From Phd thesis to monograph…?

So, even just a day later I am eager to fit this thesis for publishing.  My examiners were happy to pass my thesis as is for the phd, but they tacitly made it known that it needed work for publication.  I am OK with that, but the question is always – how much do I do?  How significant should the changes be to strengthen the thesis?  Adding some clarifying footnotes?  Completely re-writing sections?

I would like to know from you readers who have published your phd thesis, did you change much before sending it to a publisher?  Did the publisher ask for major changes?

Just curious.  I mean, I could do some important changes and I wouldn’t quite know if I have successfuly covered the issues.  I guess it comes down to try-and-try-again, right?


Seeking the Identity of Jesus: A Pilgrimage (Review)

I have finally finished reading Seeking the Identity of Jesus: A Pilgrimage (eds. Gaventa and RB Hays; Eerdmans).  This is a scholarly book about Jesus, obviously.  And, yet, it is of a different kind than the traditional book that goes on a quest for the ‘historical Jesus’.  As a project undertaken by scholars associated with the Center of Theological Inquiry (Princeton, NJ), this book fits within the Theological Interpretation of Scripture (TIS) movement (as diverse as its members may be).  The presuppositional forerunner to this book is The Art of Reading Scripture (eds. Ellen Davis and RB Hays; Eerdmans).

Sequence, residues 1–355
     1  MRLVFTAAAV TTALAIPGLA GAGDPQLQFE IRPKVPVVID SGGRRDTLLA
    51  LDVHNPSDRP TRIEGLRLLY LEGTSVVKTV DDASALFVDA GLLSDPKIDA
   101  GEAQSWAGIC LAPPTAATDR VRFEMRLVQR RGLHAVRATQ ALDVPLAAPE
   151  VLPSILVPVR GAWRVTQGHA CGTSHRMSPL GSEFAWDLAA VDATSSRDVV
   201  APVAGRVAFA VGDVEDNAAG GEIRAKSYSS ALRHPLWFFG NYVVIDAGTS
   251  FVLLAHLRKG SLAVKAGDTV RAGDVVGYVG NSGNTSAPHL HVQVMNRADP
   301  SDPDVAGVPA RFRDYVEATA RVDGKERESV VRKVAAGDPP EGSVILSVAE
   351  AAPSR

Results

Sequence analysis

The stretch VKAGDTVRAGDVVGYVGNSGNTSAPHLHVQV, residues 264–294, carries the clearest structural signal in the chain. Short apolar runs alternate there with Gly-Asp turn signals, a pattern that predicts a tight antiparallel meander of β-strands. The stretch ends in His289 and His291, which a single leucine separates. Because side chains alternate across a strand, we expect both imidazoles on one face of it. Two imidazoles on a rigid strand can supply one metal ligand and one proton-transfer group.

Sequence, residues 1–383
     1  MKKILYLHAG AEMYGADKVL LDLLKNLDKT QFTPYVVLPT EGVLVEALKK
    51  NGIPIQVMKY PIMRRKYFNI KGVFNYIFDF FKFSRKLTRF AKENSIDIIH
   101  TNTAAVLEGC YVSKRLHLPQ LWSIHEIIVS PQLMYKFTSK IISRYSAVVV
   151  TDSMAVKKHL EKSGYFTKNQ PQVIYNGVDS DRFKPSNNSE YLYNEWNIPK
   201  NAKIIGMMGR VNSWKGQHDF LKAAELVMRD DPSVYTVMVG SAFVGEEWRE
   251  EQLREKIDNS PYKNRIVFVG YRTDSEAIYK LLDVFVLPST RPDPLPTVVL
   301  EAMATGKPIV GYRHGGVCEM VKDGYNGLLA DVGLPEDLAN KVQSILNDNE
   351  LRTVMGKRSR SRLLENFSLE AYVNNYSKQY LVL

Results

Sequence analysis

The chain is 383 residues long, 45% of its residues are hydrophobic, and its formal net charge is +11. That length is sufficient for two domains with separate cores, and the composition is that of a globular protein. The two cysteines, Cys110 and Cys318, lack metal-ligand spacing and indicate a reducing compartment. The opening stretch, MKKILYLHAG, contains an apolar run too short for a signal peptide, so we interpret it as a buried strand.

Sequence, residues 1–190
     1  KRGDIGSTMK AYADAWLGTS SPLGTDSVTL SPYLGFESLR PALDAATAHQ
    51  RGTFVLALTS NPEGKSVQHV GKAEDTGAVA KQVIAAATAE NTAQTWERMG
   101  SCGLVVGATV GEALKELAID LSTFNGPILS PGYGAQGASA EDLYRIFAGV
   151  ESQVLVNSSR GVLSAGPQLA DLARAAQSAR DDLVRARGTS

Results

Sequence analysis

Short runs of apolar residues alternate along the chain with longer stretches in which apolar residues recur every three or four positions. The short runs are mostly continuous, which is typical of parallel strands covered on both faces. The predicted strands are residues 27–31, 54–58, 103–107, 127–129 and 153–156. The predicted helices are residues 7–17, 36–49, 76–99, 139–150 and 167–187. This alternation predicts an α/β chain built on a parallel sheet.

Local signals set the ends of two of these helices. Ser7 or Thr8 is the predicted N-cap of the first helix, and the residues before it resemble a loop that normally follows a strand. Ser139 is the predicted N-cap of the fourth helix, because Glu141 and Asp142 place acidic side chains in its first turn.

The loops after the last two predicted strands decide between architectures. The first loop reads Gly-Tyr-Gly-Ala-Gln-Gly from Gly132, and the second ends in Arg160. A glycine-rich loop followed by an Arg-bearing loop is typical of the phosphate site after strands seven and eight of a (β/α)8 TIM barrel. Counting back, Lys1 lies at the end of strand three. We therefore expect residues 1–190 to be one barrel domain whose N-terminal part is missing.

Something that marks a new direction in ‘Jesus’ studies is the conscious effort to make the investigation an inter-disciplinary one.  Traditionally, questers (or many of them) have been suspicious of ‘theologians’ as if they were religious spin-doctors, making Jesus into something he wasn’t.  the TIS approach is defined, in part, by an appreciation for the Church’s recollection and worship of Jesus, in the canonical NT and in the life of the church in history.

The contributors will be well-known to many: Robert Jenson, Markus Bockmuehl, Dale Allison Jr., Francis Watson, Joel Marcus, Beverly Gaventa, Marianne Meye Thompson, Richard Hays, Katherine Grieb, Walter Moberly, Brian Daley, David Steinmetz, and Sarah Coakley, among others.  The book is divided into four sections: sources and methods, the testimony of the biblical witnesses, the testimony of the church, and a brief epilogue by the editors.

Wisely, the editors decided to try and summarize the ‘convergences’ in the thoughts of the contributors (as these chapters began as papers at a conference).  First of all, there was a general impression that it is important to recognize that ‘Jesus of Nazareth was a Jew’ (see Bockmuehl’s chapter).  Thus, as the editors write, ‘Jesus’ teaching and activity makes sense only within the context of Israel’s history and Israel’s Scripture’ (p. 19).

Secondly, ‘The identity of Jesus is reliably attested and known in the Scriptures of the Old and New Testaments’ (p. 19).  This comes from, what Hays has strongly advocated before, a hermeneutic of trust.